The government and its friendly developers know what they do and how they are playing the community with alternative facts and a twisted use of what remains of the planning rules. 

Change will happen one day as autocrats eventually stumble. It will take patience, creativity, courage and clever ways to use the scarce resources available to community groups. 

Residents may have lost skirmishes with monied clubs and developers, but they should continue to send the message that their values remain intact and that what the coalition of developers and government is doing does not align with the community’s values and aspirations.

There are many fun things to enjoy, most of which can be done despite the blandness of this Greenslabor government. Do not allow unfriendly developers and this government to define you. Be prepared to put them on notice again and again – but also do fun stuff with and on behalf of your diverse communities. And thank you for doing what you do.

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Paul Costigan

Paul Costigan

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4 Responses to Rage, rage against heat islands and fewer trees

John Ryan says: 24 May 2023 at 1:55 pm

I’m an Ainslie resident and homeowner. I fully support what the Ainslie Football Club is doing. We should build more apartments in Ainslie and build more childcare centres and become a more family-friendly suburb. I want Ainslie Football Club to be financially viable in the long term so my kids can play footy there.

Sick of the so-called “Ainslie Residents Association” misrepresenting itself as a voice for the community. I know my neighbours and they want people to be able to afford housing in Ainslie.

It’s time to build the housing we need in Canberra.

Palmerston's Enduring Lament says: 24 May 2023 at 3:05 pm

But isn’t the point of the argument that we have a government whose role is to design and support a liveable residential space, but continues to sub-contract to private enterprise to divorce itself from risk and responsibility and virtue signals the benefits of developer led design?

In other words, this is big L liberalism straight out of Margaret Thatcher’s economic model which results in profits driven public enterprise masking itself as trickle down economics.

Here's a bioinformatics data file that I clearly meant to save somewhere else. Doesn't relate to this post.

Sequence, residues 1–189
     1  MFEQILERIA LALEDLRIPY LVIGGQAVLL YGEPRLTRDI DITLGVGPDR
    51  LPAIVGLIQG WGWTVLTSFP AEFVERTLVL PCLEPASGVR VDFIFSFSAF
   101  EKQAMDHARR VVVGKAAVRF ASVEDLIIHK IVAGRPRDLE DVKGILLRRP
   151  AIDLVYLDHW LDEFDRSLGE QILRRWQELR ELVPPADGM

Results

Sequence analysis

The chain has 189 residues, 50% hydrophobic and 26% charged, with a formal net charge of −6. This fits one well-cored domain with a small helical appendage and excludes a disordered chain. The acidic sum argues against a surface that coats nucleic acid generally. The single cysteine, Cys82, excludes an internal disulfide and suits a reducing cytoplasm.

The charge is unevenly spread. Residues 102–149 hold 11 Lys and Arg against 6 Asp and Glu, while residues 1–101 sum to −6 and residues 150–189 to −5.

And we all know how that turns out.

Nathan says: 24 May 2023 at 3:42 pm

Thank you John. It is so good to see that a lot of residents in the inner north/south established suburbs recognise the need for urban infill, and the need to house people close to work and other services. Given the columnists to this publication are wall-to-wall NIMBYs, it’s about time residents start speaking out and showing that these talking heads are firmly in the minority in Canberra.

Palmerston's Demotic Lament says: 25 May 2023 at 7:49 am

Democracy, in all its forms, gives a voice to all its citizens. But in doing so, it is a flawed system. It would be worth taking time to ponder the Greek experience.

Thucydides, the famous ancient Greek historian of the Peloponnesian War, witnessed the fall of Athenian democracy and applied scientific history in his critique of the democratic government. At the heart of his critique were how democracy failed “in the search for truth” and how leaders and citizens attempted “to impose their own speech-dependent meanings on reality.” Thucydides blamed “public orators” and demagogues for a failure of epistemic knowledge, allowing most Athenians to “believe silly things about their own past and the institutions of their opponents.”

So too, this debate. Facts and logic rarely fare well against emotion and profit. Critical analysis would suggest running each sentence against those four criteria in order to determine conscious and unconscious bias and backgrounds.